# Translation functor on parabolic Verma module

I want to prove that following proposition by using Theorems/propositions in Representations of Semisimple Lie Algebras in the BGG Category $$\mathcal{O}$$.

Define $$\Lambda := \{\nu \in \mathfrak{h}^* : \langle\nu,\alpha^\lor\rangle \in \mathbb{Z} \ \text{for all }\alpha \in \Phi^+\}.$$

Define $$\Lambda^+ := \{\nu \in \mathfrak{h}^* : \langle\nu,\alpha^\lor\rangle \in \mathbb{Z}^{\ge 0} \ \text{for all }\alpha \in \Phi^+\}.$$

Define $$\Lambda^+_I := \{\nu \in \mathfrak{h}^* : \langle\nu,\alpha^\lor\rangle \in \mathbb{Z}^{\ge 0} \ \text{for all }\alpha \in \Phi^+_I\}.$$

The $$\mathbb{Z}$$-span $$\Lambda_r$$ of $$\Phi$$ is called the root lattice.

Recall that a weight $$\eta\in \mathfrak{h}^*$$ is antidominant if $$\langle \eta+\rho,\alpha^{\lor}\rangle\not\in\mathbb{Z}^{>0}$$ for all $$\alpha\in \Phi^+$$.

For $$w \in W$$ and $$\eta\in \mathfrak{h}^*$$, define a shifted action of $$W$$ (called the dot action) by $$w \cdot \eta := w(\eta + \rho) - \rho$$. If $$\eta, \nu \in \mathfrak{h}^*$$, then we say that $$\eta$$ and $$\nu$$ are linked if for some $$w \in W$$, we have $$\nu = w \cdot \eta$$.

The weight $$\eta \in \mathfrak{h}^*$$ is regular if $$|W \cdot \eta| = |W|$$ or, equivalently, if $$\langle \eta + \rho,\alpha^\lor\rangle \neq 0$$ for all $$\alpha\in\Phi$$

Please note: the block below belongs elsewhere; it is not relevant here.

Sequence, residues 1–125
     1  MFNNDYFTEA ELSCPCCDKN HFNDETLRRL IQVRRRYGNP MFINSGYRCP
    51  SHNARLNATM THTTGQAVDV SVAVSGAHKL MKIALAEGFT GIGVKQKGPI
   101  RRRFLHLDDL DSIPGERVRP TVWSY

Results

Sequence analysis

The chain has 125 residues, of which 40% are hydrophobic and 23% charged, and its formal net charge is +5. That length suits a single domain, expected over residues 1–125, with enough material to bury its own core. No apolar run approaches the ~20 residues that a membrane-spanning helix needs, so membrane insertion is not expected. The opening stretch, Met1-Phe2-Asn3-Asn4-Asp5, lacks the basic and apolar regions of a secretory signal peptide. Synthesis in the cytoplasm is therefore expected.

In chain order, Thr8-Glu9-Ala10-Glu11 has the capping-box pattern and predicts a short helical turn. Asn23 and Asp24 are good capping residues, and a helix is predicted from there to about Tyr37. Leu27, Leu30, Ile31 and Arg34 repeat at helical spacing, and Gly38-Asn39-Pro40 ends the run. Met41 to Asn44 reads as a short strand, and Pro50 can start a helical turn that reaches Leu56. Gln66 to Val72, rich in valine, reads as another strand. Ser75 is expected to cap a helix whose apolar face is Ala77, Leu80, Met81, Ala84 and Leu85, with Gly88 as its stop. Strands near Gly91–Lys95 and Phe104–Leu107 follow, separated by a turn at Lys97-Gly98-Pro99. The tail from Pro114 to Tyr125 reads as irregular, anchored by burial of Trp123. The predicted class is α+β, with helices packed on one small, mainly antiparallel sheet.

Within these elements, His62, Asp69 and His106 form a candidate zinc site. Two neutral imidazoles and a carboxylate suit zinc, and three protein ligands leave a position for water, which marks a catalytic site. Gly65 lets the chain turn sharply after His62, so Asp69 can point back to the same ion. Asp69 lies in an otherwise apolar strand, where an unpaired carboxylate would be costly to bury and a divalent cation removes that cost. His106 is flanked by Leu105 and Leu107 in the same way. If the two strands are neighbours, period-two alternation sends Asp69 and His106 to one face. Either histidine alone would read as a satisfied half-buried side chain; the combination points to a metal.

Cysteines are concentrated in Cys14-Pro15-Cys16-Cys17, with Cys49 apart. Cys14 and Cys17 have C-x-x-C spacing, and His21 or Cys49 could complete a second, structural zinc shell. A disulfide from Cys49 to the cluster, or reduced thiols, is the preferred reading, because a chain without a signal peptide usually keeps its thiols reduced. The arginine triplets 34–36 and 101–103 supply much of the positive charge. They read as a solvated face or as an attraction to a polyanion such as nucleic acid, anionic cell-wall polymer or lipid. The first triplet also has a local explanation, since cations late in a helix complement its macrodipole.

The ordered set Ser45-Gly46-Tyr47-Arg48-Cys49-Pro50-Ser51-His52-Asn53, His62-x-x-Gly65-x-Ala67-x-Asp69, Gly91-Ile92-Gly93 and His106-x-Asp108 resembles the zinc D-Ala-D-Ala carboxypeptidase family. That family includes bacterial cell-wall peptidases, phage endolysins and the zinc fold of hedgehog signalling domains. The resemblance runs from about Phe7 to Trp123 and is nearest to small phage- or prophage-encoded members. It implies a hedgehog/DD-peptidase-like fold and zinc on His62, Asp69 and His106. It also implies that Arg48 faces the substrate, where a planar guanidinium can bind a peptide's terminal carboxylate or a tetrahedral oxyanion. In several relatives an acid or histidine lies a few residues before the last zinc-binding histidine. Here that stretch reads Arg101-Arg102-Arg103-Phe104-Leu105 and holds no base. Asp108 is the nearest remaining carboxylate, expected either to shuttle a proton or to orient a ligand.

By exercise 1.13, $$M\in\mathcal{O}_{\chi_\lambda}$$ has a direct sum decomposition $$M=\bigoplus M_i$$ such that all weights of each $$M_i$$ are contained in a single coset of the root lattice $$\Lambda_r$$ in $$\mathfrak{h}^*$$. Therefore, the category $$\mathcal{O}_{\chi_\lambda}$$ decomposes as a direct sum of full subcategories, which can be indexed by the nonempty intersection of the orbit $$W\cdot\lambda$$ with the cosets $$\mathfrak{h}^*/\Lambda_r$$. We use the antidominant weight $$\mu$$ in the intersection to parameterize the corresponding subcategory of $$\mathcal{O}_{\chi_\lambda}$$. We denote this subcategory by $$\mathcal{O}_{\mu}$$.

We say $$\eta$$ and $$\nu$$ are compatible if $$\nu - \eta \in\Lambda$$.

Fix $$\eta, \nu \in \mathfrak{h}^*$$ such that $$\eta,\nu$$ are compatible and write $$pr_\eta$$ and $$pr_\nu$$ for the natural projections of the category $$\mathcal{O}$$ onto $$\mathcal{O}_{\chi_\eta}$$ and $$\mathcal{O}_{\chi_\nu}$$. Let $$\overline{\nu-\eta}$$ be the unique $$W$$-conjugate in $$\Lambda^+$$ of $$\nu-\eta$$. If $$M \in \mathcal{O}$$, then $$M \mapsto pr_ \nu \left(L(\overline{\nu-\eta}) \otimes (pr_\eta M)\right)$$ followed by inclusion into $$\mathcal{O}$$ defines an exact functor $$\mathcal{O} \to \mathcal{O}$$. Its restriction to $$\mathcal{O}_{\chi_\eta}$$ (without the inclusion) relates the two subcategories $$\mathcal{O}_{\chi_\eta}$$ and $$\mathcal{O}_{\chi_\nu}$$. Write $$T^\nu_\eta$$ for the resulting functor on $$\mathcal{O}$$ (or on $$\mathcal{O}_{\chi_\eta}$$). We call $$T^\nu_\eta$$ a translation functor.